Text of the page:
1. That will be a good development. I remain puzzled by their choice to release a paperback at such a high starting price. I suspect that heavy criticism played a role in their decision to reduce the price from $50 to $30. Still, it’s unusual to release a paperback first with no higher-quality option.

      1. I actually just received my copy of the Augustine institute ESV-CE. Unfortunately it came with the corner dented…but that’s alright.

        Over all I am amazed with the quality of the translation this is certainty an improvement on the RSV and I can not wait to see it go mainstream for all English Speaking Catholics as a more commonly owned bible translation.

        Though the Augustine Institute I agree needs to make a Hard Cover. And Also to be honest a bit more portable version would also be great such as like the RSV made by Ignatius that comes in a zipper pouch I love that size bible for everyday carry.

        1. Update:
          As I have continued to read and use the ESV-CE I began to notice many translation choices…small, yet a bit annoying. I think that the translation over all is good and acceptable, yet after closer consideration I believe that the RSV-2CE remains at least generally a better pick as a study bible and boasts a very similar readability.

          It seems that the ESV takes a number of liberties in translating certain passages in Genesis and also others which I find to be a frustration due to their use of inclusive language which distracts from the true meaning of the text. Granted, the RSV is also not free from this though it seems to be less apparent in major moments of the text and rather occurs in less notable sections.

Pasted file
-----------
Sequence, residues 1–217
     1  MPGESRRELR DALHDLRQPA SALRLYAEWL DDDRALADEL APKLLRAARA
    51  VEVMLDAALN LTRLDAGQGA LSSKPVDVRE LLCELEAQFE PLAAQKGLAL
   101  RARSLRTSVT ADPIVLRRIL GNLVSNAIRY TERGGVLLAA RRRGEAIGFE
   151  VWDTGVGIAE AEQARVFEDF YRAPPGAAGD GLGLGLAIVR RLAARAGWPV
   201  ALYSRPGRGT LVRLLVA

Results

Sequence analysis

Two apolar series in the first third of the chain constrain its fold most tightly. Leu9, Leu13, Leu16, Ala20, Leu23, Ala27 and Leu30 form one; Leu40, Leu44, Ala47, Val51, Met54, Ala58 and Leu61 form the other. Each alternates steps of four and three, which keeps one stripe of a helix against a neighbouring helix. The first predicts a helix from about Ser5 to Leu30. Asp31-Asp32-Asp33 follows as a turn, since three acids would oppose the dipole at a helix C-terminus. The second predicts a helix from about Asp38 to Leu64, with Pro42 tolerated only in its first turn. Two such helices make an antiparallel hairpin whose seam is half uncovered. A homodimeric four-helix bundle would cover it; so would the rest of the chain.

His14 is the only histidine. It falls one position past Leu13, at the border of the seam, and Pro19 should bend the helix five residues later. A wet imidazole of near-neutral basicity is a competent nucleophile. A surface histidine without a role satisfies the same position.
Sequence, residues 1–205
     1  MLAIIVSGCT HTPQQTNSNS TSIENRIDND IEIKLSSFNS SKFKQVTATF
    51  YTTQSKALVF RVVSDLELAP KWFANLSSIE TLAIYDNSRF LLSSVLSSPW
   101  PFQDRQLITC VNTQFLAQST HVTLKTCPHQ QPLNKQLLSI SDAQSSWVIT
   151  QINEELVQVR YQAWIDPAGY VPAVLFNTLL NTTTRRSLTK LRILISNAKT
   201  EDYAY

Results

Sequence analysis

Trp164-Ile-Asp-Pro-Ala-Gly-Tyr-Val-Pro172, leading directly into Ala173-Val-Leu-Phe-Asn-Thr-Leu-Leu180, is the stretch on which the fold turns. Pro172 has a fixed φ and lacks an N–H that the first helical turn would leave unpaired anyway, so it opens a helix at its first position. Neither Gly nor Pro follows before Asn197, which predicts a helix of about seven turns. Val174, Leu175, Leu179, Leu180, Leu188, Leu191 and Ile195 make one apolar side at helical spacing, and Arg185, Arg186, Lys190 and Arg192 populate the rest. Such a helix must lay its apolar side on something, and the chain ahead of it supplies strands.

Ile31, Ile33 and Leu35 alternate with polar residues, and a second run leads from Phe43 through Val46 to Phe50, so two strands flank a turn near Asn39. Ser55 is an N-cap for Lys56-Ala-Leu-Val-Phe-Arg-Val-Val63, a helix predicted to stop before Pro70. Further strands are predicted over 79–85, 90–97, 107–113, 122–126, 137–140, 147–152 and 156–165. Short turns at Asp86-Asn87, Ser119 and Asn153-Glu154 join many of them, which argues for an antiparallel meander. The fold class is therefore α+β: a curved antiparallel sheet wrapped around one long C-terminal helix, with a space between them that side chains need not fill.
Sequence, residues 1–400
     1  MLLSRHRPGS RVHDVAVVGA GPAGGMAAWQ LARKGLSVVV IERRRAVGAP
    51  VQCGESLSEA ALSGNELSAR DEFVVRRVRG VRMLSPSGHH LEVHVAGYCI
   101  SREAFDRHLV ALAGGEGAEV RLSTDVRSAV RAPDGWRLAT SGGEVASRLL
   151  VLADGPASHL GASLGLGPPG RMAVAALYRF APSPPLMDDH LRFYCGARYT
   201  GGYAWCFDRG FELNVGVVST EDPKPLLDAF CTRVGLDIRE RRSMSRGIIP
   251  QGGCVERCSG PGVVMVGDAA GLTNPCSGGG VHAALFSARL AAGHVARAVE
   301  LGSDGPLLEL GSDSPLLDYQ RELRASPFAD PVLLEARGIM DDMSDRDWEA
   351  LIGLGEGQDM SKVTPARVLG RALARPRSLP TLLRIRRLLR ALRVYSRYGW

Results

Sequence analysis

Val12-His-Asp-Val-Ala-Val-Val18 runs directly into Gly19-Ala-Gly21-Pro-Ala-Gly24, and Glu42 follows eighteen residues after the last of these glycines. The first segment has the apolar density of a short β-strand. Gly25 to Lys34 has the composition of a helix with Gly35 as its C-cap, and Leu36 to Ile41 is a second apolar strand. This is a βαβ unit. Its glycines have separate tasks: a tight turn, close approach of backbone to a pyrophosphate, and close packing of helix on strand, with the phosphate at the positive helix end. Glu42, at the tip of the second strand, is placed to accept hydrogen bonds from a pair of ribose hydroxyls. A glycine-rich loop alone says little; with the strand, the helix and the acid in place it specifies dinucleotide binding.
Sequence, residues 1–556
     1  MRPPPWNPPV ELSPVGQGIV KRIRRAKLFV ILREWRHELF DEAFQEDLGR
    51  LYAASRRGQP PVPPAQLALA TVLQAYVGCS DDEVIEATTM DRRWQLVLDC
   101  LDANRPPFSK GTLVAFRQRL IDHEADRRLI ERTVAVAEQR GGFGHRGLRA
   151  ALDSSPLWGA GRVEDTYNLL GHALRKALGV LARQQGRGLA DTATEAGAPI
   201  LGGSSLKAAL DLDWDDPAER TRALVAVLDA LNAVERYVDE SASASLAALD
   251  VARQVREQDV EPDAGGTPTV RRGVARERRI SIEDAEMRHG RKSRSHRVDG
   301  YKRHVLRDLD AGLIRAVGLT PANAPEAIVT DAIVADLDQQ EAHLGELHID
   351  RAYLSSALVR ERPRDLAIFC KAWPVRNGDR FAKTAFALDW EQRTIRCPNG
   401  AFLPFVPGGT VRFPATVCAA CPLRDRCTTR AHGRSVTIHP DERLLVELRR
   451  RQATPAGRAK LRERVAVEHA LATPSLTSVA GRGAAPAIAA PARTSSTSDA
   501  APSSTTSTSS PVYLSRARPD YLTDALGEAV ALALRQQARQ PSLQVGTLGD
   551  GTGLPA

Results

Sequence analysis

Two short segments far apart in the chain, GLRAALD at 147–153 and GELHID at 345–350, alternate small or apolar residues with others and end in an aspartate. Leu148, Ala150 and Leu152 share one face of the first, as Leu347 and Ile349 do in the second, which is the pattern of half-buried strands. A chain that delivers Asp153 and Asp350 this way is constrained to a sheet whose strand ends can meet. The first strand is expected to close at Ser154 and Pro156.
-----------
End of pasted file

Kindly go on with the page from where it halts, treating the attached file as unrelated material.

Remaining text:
Therefore I would recommend sticking with the RSV while of course also referring to the Douay-Rheims which has a special place in my heart as it was the first Bible my parents bought me and I believe it is good to get a feel for the Latin Patrimony of the Church.

          1. ESV’s philosophy is explicitly to use non-gender specific language when translating a word that in Hebrew/Greek is not gendered (e.g. “The good person” in Luke 6:45), but to use the gendered English word when the original language word was gendered. Not all “inclusive language” is taking a liberty with the text — in some cases the masculine English word is in fact less literal.

      2. The Augustine Institute has a tendency to release projects at a high price and then lower prices.

        I believe they do it for two reasons:
        1) to attempt to recoup development costs as quickly as possible in order to start new projects
        2) they lack a true market price research team, so their initial pricing is a guess (on the higher side) to what the market will support. They, then adjust as they learn from people.

  8. Where can I purchase a copy of The Augustine Bible in the UK? I’ve tried Amazon Uk, not available, do not ship to the Uk. Catholic Market online charge more for shipping (understandably as its shipped from the US) than the cost of the Bible itself. Thank you.

  9. Exciting news! Looks like there will be other editions of the Augustine Bible coming out later this year:
    “We will have other versions of The Augustine Bible coming out in the fall. We’ll have a very nice leather version. We’ll have a more affordable paperback version and a hardcover edition. We have generous margins. A lot of Bibles get printed with very narrow margins because they’re trying to save space and save money and just be efficient. But we want people to live in the Bible. We want people to use their Bible to study, to pray, to read daily.”

    1. That is excellent news! As I was opening this article, I was lamenting that there are so few Catholic bibles with sufficient margin space. I will be (im)patiently awaiting the leather version (or even the hardcover if it’s sewn).

    1. I guess, I will probably being making a purchase in the fall. Either the hardcover or leather. And with the WOF version coming this summer, I hope neither is too expensive.